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GM Corsica/Beretta 1988-1996 Repair Guide

Manifold Absolute Pressure (MAP) Sensor

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OPERATION



See Figure 1

The MAP sensor measures the changes in intake manifold pressure, which result from engine load/speed changes and converts this information to a voltage output. The MAP sensor reading is the opposite of a vacuum gauge reading: when manifold pressure is high, MAP sensor value is high and vacuum is low. A MAP sensor will produce a low output on engine coast-down with a closed throttle while a wide open throttle will produce a high output. The high output is produced because the pressure inside the manifold is the same as outside the manifold, so 100 percent of the outside air pressure is measured.



Click image to see an enlarged view

Fig. Fig. 1: Typical MAP sensor and electrical connector

The MAP sensor is also used to measure barometric pressure under certain conditions, which allows the PCM to automatically adjust for different altitudes.

The MAP sensor changes the 5 volt signal supplied by the PCM, which reads the change and uses the information to control fuel delivery and ignition timing.

TESTING



Except 1996 2.2L Engines and 1994-96 3.1L Engines

See Figures 2 and 3

  1. Visually check the connector, making sure it is connected properly and all of the terminals are straight, tight and free of corrosion.
  2.  
  3. Check the vacuum hose connected to the MAP sensor. Replace the hose if it is in bad condition, plugged or leaking.
  4.  
  5. Detach the electrical connector from the MAP sensor.
  6.  
  7. Turn the ignition switch to the ON position with the engine OFF .
  8.  
  9. Connect a voltmeter to a known good ground and terminal C of the harness:
    1. If there is 4.5-5.5 volts, proceed to the next step.
    2.  
    3. If the voltage is below 4.5 volts or above 5.5 volts, check the MAP sensor reference circuit.
    4.  

  10.  
  11. With he voltmeter connected to terminal C, connect the other voltmeter lead to terminal A.
    1. If there is 4.5-5.5 volts, proceed to the next step.
    2.  
    3. If the voltage is below 4.5 volts or above 5.5 volts, check the MAP sensor ground circuit.

      Click image to see an enlarged view

      Fig. Fig. 2: MAP sensor electrical circuit - 2.2L engines through 1995



      Click image to see an enlarged view

      Fig. Fig. 3: MAP sensor electrical circuit - 2.3L engine

    4.  

  12.  
  13. Turn the ignition switch to the OFF position.
  14.  
  15. Attach the electrical connector to the MAP sensor.
  16.  
  17. Remove the vacuum hose from the MAP sensor and connect a hand operated vacuum pump to the MAP sensor.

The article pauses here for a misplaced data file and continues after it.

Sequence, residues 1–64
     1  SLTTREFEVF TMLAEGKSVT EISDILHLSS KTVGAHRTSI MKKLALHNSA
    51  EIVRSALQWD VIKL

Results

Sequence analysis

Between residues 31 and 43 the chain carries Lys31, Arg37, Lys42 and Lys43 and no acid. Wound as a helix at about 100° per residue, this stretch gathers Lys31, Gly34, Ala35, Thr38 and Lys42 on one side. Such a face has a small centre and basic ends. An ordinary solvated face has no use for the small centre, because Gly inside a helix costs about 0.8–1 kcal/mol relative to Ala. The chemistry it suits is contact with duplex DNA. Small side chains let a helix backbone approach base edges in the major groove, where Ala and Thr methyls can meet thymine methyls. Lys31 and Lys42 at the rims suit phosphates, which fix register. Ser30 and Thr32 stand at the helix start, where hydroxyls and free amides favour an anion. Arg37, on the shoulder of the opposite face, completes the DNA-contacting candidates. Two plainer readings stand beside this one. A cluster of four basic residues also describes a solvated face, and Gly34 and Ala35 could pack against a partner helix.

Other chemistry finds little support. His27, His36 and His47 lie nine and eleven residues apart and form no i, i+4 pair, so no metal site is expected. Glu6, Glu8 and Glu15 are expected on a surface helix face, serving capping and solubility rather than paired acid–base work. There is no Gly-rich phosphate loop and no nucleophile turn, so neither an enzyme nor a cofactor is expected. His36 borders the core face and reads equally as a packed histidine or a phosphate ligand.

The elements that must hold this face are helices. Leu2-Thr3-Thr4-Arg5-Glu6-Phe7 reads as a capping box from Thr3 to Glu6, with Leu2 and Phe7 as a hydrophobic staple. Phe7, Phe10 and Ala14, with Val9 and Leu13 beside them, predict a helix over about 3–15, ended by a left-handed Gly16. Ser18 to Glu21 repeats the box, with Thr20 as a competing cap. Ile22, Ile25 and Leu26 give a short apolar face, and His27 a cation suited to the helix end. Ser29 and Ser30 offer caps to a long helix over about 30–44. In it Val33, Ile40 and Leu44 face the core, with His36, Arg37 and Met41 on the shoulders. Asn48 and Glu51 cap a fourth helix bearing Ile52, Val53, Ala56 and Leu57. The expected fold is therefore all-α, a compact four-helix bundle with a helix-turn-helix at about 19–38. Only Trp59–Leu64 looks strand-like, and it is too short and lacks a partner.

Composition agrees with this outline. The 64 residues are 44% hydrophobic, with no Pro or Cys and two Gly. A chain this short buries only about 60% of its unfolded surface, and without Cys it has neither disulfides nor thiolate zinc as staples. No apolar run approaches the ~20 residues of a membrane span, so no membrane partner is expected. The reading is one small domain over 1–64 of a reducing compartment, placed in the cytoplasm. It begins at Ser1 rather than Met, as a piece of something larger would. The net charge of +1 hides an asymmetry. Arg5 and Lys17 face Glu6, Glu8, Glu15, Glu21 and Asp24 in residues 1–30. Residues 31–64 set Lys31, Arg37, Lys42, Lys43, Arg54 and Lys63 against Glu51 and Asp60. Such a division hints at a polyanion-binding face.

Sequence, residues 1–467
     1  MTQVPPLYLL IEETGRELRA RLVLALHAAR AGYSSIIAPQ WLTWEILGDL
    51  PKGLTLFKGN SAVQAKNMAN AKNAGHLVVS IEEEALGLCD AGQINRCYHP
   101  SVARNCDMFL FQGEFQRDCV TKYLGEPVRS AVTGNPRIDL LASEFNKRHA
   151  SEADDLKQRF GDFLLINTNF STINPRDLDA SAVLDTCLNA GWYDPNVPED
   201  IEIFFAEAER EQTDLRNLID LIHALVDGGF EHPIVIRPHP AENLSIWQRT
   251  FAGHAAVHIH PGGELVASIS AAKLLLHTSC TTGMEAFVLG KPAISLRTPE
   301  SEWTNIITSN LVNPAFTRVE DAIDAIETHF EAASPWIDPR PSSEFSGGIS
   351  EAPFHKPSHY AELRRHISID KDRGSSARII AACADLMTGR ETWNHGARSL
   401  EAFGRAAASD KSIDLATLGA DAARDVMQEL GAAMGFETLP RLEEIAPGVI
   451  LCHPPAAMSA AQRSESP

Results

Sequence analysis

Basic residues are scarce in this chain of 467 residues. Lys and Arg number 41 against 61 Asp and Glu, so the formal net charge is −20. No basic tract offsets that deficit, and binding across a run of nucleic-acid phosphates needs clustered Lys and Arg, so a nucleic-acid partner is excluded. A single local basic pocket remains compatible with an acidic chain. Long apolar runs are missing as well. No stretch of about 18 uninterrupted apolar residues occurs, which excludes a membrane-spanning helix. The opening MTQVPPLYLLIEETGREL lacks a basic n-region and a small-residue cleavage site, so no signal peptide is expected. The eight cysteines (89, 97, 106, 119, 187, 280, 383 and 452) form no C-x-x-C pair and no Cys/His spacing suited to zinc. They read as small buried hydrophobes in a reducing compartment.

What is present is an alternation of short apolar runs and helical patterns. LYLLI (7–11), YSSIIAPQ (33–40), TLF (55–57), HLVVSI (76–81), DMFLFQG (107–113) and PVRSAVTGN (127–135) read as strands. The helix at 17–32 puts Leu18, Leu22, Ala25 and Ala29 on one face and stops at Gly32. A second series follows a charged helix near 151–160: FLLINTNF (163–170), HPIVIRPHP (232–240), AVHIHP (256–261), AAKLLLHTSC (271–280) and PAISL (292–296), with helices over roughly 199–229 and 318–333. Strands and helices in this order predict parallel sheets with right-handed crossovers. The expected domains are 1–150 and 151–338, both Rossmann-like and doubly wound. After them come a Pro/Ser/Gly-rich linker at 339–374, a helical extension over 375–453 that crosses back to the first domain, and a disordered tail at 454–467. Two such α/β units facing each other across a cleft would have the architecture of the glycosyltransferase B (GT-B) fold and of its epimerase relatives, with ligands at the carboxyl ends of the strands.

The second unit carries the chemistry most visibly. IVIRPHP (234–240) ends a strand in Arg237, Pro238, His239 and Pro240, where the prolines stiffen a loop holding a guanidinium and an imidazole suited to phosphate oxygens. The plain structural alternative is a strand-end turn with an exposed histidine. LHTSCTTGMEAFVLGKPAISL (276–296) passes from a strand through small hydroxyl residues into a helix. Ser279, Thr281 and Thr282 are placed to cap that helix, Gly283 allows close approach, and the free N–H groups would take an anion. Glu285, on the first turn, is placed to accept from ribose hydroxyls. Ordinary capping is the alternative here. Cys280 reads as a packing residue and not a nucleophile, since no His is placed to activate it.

18.  
  19. Use a voltmeter to backprobe the connector terminals A and B.
  20.  
  21. Turn the ignition switch to the ON position and check the voltage at terminals A and B:
    1. If the voltage is 4.0-4.8 volts, proceed to the next step.
    2.  
    3. If the voltage is below 4.0 volts or above 4.8 volts, replace the MAP sensor.
    4.  

  22.  
  23. Observe the voltage measurement while slowly applying 10 inches of vacuum as indicated on the pump gauge. The value should change smoothly and drop 1.5-2.1 volts:
    1. If the MAP sensor voltage drops 1.5-2.1 volts, the sensor is operating properly. Check the vacuum source.
    2.  
    3. If the MAP sensor voltage drops less than 1.5 volts or more than 2.1 volts, replace the MAP sensor.
    4.  

  24.  

1996 2.2L Engines and 1994-96 3.1L Engines

See Figures 4 and 5

  1. Visually check the connector, making sure it is connected properly and all of the terminals are straight, tight and free of corrosion.
  2.  
  3. With the ignition ON , check the voltage between terminals A and B. It should be above 4 volts. Apply 15 in. Hg of vacuum at the MAP vacuum port and check the voltage again. The voltage should be 2 volts now.
  4.  



Click image to see an enlarged view

Fig. Fig. 4: Manifold Absolute Pressure (MAP) sensor circuit

When pumping up and releasing the vacuum, check to make sure the voltage readings are smooth. When applying vacuum to the sensor, the change in voltage should happen instantly. A slow change in voltage could point to a faulty sensor.



Click image to see an enlarged view

Fig. Fig. 5: MAP sensor voltage specifications

  1. If the sensor voltage is not within specification, check for a 5 volt reference at terminal C. If the reference signal is found, the sensor is faulty.
  2.  
  3. If the sensor and circuits are functional, the PCM may be faulty.
  4.  

REMOVAL & INSTALLATION



See Figures 6 and 7

  1. Disconnect the negative battery cable.
  2.  
  3. Detach the MAP sensor electrical connector. Unplug the vacuum hose.
  4.  
  5. Unfasten the retaining screws/bolts, then remove the MAP sensor from the vehicle.
  6.  



Click image to see an enlarged view

Fig. Fig. 6: On the 2.2L engine, the MAP is secured with a retaining bolt



Click image to see an enlarged view

Fig. Fig. 7: Exploded view of the MAP sensor - 2.3L engines

To install:

If equipped, lightly coat the seal on the MAP sensor with clean engine oil.

  1. Attach the sensor electrical connector.
  2.  
  3. Connect the negative battery cable.
  4.  

 
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